The Department of Defense has lowered the number of days civilian employees will be furloughed over the final months of FY2013. Speaking at a press conference at the Pentagon yesterday, Secretary of Defense Chuck Hagel said DoD will be able to reduce furlough days from 22 to 14 days, but could not eliminate them.
Furlough notices will be sent to most of DoD’s civilian employees in early May. Actual furloughs are expected to begin in mid-June. DoD expects employees to be furloughed for two days per pay period over seven pay periods. Secretary Hagel said the furloughs should save about $2.5 billion.
The department was able to reduce the number of furlough days due to congressional approval of a FY2013 appropriations bill last week, Hagel said. The bill provided DoD with an additional $10 billion for O&M accounts and allows $3.5 billion of transfers from lower to higher priority programs (with congressional approval). Hagel said the DoD Comptroller and the military services are still reviewing the bill and will provide a more detailed briefing when they complete that review.
Hagel said the final appropriations bill fixed some urgent problems and “put some of the dollars back in the right accounts.” The bill also reduces the O&M shortfall, provides authority for new starts, and lowers the expected sequestration cuts from $46 billion to $41 billion, he said.
However, even with this positive news Hagel pointed out that DoD must address significant problems in FY2013. The department has to cut $41 billion under sequestration. Overseas Contingency Operations (OCO) are expected to be $7 billion more than projected due to higher costs for bringing troops and equipment home from Afghanistan. And, the O&M shortfall in FY2013 still will be $22 billion. As a result, “we’re going to have to prioritize and make some cuts,” he said. DoD will sharply reduce base operating support, reduce training for non-deployed units, will still require 14 civilian furlough days.
Secretary Hagel said the department will likely have to continue to deal with budget pressures for some time. Therefore, he has directed JCS Chairman Gen. Martin Dempsey and Deputy Secretary of Defense Ashton Carter to conduct a comprehensive review to determine how to protect the president’s defense strategic guidance. He said DoD will continue to try to avoid force structure reductions. However, he emphasized, “there will be changes, some significant changes.” “There’s no way around it.”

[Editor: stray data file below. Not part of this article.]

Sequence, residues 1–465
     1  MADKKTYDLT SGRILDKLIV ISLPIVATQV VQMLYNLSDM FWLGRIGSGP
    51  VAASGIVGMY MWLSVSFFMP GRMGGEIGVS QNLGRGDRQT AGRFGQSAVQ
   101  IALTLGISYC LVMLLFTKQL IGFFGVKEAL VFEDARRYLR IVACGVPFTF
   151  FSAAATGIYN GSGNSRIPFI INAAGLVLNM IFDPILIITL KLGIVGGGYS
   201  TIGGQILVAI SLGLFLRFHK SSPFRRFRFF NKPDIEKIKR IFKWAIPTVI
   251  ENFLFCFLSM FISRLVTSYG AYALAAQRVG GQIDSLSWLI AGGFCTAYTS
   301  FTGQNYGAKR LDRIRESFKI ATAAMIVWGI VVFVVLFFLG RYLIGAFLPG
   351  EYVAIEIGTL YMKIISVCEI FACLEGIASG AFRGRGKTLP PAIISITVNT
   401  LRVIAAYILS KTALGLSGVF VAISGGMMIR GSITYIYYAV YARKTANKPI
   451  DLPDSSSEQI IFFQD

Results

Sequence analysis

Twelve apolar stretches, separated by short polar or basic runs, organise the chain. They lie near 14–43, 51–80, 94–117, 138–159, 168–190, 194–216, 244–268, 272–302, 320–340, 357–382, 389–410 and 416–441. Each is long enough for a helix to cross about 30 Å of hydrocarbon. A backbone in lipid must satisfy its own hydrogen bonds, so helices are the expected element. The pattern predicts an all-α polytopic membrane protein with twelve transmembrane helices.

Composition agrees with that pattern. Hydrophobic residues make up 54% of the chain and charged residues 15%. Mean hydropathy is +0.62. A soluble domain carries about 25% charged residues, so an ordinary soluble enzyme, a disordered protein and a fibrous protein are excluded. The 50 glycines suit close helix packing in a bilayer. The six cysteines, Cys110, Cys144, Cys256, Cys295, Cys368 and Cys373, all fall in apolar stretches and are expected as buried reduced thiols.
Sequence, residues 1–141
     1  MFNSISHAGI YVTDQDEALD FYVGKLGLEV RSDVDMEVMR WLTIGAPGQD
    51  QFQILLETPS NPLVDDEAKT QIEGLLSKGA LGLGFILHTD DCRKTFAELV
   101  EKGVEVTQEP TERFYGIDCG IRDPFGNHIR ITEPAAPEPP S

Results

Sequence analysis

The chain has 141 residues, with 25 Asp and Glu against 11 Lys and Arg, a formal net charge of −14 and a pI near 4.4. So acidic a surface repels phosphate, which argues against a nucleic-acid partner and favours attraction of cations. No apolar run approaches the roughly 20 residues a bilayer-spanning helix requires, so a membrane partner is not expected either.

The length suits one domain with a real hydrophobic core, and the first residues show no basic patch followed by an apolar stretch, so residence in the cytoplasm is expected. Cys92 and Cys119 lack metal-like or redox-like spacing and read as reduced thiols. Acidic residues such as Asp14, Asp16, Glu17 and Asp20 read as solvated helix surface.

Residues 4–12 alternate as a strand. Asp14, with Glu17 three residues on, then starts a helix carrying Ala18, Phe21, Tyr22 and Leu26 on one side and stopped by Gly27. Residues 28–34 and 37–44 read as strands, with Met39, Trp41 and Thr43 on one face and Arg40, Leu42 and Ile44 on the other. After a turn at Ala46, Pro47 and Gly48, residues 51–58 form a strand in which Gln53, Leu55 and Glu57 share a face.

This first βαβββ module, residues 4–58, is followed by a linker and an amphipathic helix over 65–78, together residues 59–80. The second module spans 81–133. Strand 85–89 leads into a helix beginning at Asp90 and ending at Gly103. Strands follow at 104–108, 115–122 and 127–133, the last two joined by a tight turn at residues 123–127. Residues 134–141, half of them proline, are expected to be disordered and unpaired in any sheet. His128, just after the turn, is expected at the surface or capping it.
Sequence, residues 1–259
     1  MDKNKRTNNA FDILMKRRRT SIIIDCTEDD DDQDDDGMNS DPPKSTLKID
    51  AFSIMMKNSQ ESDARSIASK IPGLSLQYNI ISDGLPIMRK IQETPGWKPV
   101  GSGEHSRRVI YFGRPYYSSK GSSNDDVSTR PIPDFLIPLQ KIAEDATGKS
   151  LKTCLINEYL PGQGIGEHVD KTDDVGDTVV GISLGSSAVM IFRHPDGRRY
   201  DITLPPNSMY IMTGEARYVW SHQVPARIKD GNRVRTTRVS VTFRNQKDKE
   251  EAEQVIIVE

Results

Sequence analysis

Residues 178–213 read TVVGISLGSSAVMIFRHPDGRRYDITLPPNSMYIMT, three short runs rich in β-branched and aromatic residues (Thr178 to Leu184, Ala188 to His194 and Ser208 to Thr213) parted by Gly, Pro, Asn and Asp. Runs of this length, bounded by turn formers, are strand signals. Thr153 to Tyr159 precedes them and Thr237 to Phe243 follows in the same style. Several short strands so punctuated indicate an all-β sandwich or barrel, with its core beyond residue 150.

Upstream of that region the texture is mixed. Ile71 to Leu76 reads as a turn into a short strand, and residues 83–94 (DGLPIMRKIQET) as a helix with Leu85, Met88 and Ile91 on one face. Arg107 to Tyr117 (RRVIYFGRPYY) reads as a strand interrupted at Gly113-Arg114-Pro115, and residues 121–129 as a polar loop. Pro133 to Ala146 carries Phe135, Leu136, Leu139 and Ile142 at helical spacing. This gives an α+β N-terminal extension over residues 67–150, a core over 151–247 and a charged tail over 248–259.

Well that is a start, now get the number down to zero and we’d be really happy.
There needs to be congressional hearings on furloughs. It is interesting that DOD can refuse to spend congressionally appropriated money for labor and frulough folks in those covered budgets. Congress needs to see what is going on. Those parts of DOD that do not have the labor funds need to be cut, that is what the hearings should cover too. Investigations need to be done on why DOD does not follow the cuts that the law says.
DoD civilians will have to take 14 furlough days over the next several months, The Associated Press reports, down from the 22 originally planned. Defense Secretary Chuck Hagel made the decision yesterday in response to the spending bill recently passed by Congress, which provides some additional flexibility to DoD as it deals with sequestration.
Some of the services considered doing away with furloughs altogether, according to the AP, but the idea was scrapped in an effort to treat all civilian employees equally across the department. The furloughs will begin in mid-June. Interesting that some one in DOD can refuse to spend labor money with some agencies when congress a[roprited he funds
[…] days. Then, after Congress passed and the president signed the the FY2013 DoD appropriations bill, DoD reduced the expected furlough days to 14. Now, as the time DoD set to notify employees of furloughs (early May) approaches, it appears DoD […]
[…] DoD set the number of furlough days at 22, but in March lowered it to 14. At that time Hagel said he hoped DoD could further reduce the number of furlough days. In […]